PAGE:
Why borrowers use payday loans

People use payday loans to avoid borrowing from family and friends and to avoid further reducing their expenses. But they often end up doing these things anyway to pay off the loan, according to a new report.

The average payday loan – a short-term, high-interest loan usually secured by a borrower’s future salary – requires repayment of more than $ 400 in two weeks, according to a new report from a branch of the Pews Charitable Trusts. But the average borrower can only afford a payment of $ 50, which means borrowers end up renewing the loan and increasing their debt. The Pew Report found that borrowers typically experience extended periods of debt, paying more than $ 500 in fees over five months.

About 41% of borrowers say they need a cash injection to pay off their payday loan debt. Typically, they get the money from sources they tried to avoid in the first place, such as family and friends, selling or pawning personal items, taking out some other kind of money. loan or use of a tax refund.

Payday loans are touted as an attractive short-term option, but that doesn’t reflect reality. Paying them off in just two weeks is unaffordable for most borrowers, who take on long-term debt, ”Nick Bourke, Pew’s small loan expert, said in a statement.

The Community Financial Services Association of America, a group representing payday lenders, argued that the Pew report lacked context. “Short-term credit products are an important financial tool for people who need funds to pay for an unforeseen expense or to manage a shortfall between paychecks,” the association said in a statement. “In our current economy and tight credit market,” the statement continued, “it is essential that consumers have the credit options they need to face their financial challenges.” Typical fees charged by association members, according to the release, are $ 10 to $ 15 for every $ 100 borrowed.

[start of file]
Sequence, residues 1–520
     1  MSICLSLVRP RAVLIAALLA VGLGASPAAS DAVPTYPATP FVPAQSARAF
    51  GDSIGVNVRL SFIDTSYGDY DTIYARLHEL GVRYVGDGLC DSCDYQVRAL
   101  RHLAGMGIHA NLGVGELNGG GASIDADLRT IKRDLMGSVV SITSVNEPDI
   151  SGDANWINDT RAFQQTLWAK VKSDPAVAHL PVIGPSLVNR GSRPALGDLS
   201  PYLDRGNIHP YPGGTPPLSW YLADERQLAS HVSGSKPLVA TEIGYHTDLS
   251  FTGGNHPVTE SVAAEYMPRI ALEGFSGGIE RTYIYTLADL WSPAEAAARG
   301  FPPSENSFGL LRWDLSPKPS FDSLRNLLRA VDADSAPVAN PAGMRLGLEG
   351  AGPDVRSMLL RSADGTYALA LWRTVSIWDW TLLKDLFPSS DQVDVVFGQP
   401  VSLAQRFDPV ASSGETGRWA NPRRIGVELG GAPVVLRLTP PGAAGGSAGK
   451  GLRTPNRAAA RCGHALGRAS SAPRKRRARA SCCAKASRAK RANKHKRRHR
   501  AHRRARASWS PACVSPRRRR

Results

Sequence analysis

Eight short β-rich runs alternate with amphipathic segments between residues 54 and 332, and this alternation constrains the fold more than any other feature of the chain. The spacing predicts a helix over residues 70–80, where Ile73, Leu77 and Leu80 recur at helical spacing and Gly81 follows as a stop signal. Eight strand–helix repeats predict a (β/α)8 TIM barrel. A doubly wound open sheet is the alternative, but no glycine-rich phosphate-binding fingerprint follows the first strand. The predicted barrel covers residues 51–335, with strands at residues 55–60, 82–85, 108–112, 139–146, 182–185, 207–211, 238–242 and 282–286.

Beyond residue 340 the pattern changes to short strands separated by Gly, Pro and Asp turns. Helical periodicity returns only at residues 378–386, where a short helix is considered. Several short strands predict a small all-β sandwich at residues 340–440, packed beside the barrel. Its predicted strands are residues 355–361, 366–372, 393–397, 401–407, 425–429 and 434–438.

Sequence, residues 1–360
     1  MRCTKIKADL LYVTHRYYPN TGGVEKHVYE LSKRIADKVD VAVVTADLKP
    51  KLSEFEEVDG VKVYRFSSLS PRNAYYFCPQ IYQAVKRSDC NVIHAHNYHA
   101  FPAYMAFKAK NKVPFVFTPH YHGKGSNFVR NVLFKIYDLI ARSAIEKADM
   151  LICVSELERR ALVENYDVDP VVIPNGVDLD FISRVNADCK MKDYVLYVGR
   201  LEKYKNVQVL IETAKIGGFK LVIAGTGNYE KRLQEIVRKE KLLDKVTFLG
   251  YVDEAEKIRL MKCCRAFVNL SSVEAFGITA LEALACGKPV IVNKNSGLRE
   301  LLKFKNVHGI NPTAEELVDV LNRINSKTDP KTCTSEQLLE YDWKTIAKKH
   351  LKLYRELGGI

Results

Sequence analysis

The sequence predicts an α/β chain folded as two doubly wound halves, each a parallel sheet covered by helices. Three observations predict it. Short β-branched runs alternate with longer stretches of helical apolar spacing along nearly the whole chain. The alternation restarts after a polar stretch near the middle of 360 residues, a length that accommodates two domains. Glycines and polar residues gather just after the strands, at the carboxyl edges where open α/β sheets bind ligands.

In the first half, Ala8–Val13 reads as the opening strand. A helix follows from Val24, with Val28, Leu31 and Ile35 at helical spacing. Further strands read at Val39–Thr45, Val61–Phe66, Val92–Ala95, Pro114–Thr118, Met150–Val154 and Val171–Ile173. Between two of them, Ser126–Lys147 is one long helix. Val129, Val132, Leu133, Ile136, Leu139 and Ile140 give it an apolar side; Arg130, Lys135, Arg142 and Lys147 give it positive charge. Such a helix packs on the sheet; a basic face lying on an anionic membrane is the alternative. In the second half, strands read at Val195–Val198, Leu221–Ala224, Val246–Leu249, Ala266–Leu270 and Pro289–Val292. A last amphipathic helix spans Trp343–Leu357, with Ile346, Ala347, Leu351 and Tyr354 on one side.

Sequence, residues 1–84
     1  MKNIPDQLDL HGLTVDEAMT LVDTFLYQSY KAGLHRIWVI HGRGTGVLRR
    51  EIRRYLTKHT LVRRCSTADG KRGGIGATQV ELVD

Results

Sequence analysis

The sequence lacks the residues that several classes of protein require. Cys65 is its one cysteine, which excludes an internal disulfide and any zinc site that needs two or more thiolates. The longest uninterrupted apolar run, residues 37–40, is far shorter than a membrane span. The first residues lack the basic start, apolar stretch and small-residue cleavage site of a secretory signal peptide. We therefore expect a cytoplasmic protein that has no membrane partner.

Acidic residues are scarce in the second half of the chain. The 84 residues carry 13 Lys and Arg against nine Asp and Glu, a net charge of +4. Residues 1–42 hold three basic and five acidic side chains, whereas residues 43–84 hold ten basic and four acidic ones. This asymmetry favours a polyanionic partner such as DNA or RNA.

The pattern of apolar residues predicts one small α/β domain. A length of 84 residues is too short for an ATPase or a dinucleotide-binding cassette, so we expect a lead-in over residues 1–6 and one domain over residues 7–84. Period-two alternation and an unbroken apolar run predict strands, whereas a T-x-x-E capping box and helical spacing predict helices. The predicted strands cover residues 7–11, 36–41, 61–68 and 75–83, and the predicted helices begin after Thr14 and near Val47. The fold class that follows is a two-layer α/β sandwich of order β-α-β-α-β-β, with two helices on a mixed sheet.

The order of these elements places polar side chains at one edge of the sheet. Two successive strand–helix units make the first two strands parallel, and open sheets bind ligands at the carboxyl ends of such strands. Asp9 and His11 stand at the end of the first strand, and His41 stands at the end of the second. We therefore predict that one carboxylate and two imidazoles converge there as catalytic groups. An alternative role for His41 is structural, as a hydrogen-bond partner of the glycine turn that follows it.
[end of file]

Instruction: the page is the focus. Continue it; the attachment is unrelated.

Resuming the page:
Payday loans and similar “bank deposit advance” loans, which are secured by direct deposit to a bank account, are increasingly monitored by federal regulators.

Once confined to storefront operations, payday lenders are increasingly operating online. Last week, the New York Times reported that major banks, such as JP Morgan Chase, Bank of America and Wells Fargo, have become behind-the-scenes allies for online lenders. The big banks don’t make loans, but they do allow lenders to collect payments through electronic transactions.

(On Tuesday, however, Jamie Dimon, the managing director of JPMorgan Chase, vowed to change the way the bank deals with internet lenders who automatically withdraw payments from borrowers’ checking accounts.)

Loans are generally considered to be useful for unforeseen bills or emergencies. But the Pew Report found that most payday borrowers face persistent cash shortages, rather than temporary expenses. Only 14% of borrowers say they can afford to pay off an average payday loan from their monthly budget.

The results are based on a telephone survey as well as focus groups. Information on borrowers’ experiences with payday loans is based on interviews with 703 borrowers. The margin of sampling error is plus or minus 4 percentage points.

Although borrowers complained that they had difficulty repaying loans, most agreed that the terms of the loans were clear. So why do they use such loans? Desperation, according to the report: “More than a third of borrowers say they have been in such a difficult situation that they would accept a payday loan on any terms offered.

Have you ever used a payday loan? How did you repay it?

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